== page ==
Remembering the Coach — Dan Dors taught many lessons, left lasting impressions

By Wayne E. Rivet

Staff Writer

Kevin Floster will remember Dan Dors as a “rare type of coach who wasn’t just about teaching you how to run faster.”

“His genuine interest in his athletes created a deeper and more meaningful connection. He was half coach, half grandfather, and you always wanted to do your best for him,” the former Lake Region record-holder and Hall of Fame member said.

“The Coach” passed away unexpectedly at his Harrison home on Monday, Jan. 29 at the age of 81. His obituary appears in this week’s edition.

Although in his 80s, Coach Dors had plenty of spunk, strong opinions, kindness and a deep love for the kids he taught — even those who didn’t buy his pitch to run cross-country, and instead spend their afternoons “kicking” or “chasing the ball.” He always greeted kids, even if he had forgotten their name.

“I feel so fortunate that I had the pleasure of seeing him this past fall after I finished my PhD. He was surrounded by a group of cross-country runners. I cut through their circle and was embracing him in hug as he was saying, ‘Oh my God, it’s a Gillespie! Katie’s little sister, right?’ He was glowing, happy and full of energy doing what he loved,” recalled former LR field hockey player Lauren Gillespie. “ He touched the hearts of athletes and students he never personally coached, along with our entire community. He is a testament to what a quality human being truly is. Someone find his sneakers and put them in the LRHS trophy case because those are shoes that can never be filled.”

This week, The News reached out to several coaches and athletes to recall lessons learned and memorable moments with Coach Dors. Here’s their responses:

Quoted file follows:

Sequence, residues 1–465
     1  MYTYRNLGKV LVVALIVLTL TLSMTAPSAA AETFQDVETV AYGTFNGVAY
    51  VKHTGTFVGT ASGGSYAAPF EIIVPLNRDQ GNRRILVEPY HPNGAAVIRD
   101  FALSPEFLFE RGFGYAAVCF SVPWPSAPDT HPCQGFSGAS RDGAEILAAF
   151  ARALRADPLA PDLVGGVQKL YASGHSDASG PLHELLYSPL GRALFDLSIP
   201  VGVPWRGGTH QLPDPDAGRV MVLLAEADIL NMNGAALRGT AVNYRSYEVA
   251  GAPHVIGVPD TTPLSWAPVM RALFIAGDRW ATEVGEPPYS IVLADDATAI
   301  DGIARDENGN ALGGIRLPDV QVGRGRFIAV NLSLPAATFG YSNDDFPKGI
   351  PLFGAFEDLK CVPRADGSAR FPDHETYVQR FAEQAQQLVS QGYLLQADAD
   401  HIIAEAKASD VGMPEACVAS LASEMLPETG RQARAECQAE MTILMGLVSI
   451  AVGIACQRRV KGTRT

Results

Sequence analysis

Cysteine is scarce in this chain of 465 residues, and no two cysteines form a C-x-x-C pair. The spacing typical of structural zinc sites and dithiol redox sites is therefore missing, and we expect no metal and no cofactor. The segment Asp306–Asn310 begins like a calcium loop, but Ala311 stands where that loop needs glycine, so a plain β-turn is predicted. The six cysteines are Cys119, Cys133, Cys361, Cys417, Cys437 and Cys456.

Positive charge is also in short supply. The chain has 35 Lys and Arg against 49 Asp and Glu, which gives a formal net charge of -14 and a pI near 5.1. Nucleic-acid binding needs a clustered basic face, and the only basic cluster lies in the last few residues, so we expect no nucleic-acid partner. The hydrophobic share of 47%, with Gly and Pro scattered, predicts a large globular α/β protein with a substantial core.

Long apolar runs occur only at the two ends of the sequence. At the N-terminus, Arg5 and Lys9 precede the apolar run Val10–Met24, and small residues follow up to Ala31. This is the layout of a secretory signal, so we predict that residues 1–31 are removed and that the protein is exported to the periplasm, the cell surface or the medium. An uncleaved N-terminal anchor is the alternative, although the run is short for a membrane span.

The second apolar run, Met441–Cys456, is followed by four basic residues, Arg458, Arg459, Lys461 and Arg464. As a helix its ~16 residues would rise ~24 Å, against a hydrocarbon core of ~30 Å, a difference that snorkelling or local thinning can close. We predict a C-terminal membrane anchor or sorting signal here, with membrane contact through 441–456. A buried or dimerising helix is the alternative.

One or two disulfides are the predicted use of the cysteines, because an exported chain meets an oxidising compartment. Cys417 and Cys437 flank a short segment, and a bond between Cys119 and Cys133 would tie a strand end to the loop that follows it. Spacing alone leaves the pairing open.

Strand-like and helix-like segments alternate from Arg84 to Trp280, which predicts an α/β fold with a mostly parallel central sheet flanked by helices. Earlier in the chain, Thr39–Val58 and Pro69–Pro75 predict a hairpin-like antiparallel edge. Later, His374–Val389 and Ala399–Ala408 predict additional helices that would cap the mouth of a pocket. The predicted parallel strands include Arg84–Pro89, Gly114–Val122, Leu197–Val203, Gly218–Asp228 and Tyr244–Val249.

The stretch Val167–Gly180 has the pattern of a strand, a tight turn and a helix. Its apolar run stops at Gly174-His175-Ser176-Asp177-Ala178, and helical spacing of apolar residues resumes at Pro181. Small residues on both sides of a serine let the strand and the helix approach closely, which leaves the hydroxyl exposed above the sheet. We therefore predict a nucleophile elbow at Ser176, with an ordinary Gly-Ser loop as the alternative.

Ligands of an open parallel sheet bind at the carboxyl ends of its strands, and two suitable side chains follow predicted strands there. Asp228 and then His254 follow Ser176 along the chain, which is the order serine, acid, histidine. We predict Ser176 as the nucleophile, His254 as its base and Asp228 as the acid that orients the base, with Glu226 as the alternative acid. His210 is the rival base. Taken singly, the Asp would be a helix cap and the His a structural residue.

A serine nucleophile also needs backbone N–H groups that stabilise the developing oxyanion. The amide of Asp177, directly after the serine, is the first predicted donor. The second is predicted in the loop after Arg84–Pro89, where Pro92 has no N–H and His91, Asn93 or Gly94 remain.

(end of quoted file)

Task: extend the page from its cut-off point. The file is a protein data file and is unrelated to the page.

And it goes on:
Kevin Floster — Coach Dors always stressed to his athletes that “you get out of it what you put into it.” He taught me that success is earned through preparation, no matter what the endeavor.

Coach would often scream “don’t wait!” during my races as a reminder that I had more in me than I realized. Not only was this great running advice, but I think it was his philosophy for life. Not a day went by when he wasn’t putting his heart and soul into helping others achieve their goals. This dedication shows in the countless lives that he had a positive impact on throughout his career.

My special memory of Coach Dors happened every time I was with him. His magnetic personality drew people in. Everyone would stop by to chat with him, and he would always put a smile on their faces. It was obvious how beloved and admired he was by so many students, athletes, parents, teachers and coaches.

Paul True, LR athletic director — How ironic is it that Coach Dors, could never remember our names (by design I believe), but his name will carry such an unforgettable legacy! My name by the way, was always Sampson (former A.D.).

He was the Governor of our Community. He knew everyone and always spoke to everyone. The lesson that I learned from Coach Dors: It isn’t what an individual accomplishes that separates them from their peers. To me, it is the impact they have made on those around them that truly matters. Coach Dors touched the lives of so many on a daily basis!

Favorite memory? First, Coach Dors always carried a coffee around with him. He always asked me what I took in my coffee. In 13 years, he never brought me one:) The second memory was our adventure over “puke hill” on the Gator. We got stuck in the woods. He sat in the passenger seat, hollering and laughing at me, as I tried to maneuver my way out of the mess we were in! Each season will bring new memories of Coach. He will forever be with me and all of us in the Laker Community.

Mark Snow, LR track & field coach — His sincere interest in kids or adults and their families.  He would stop anything he was doing to chat with people about themselves and their family.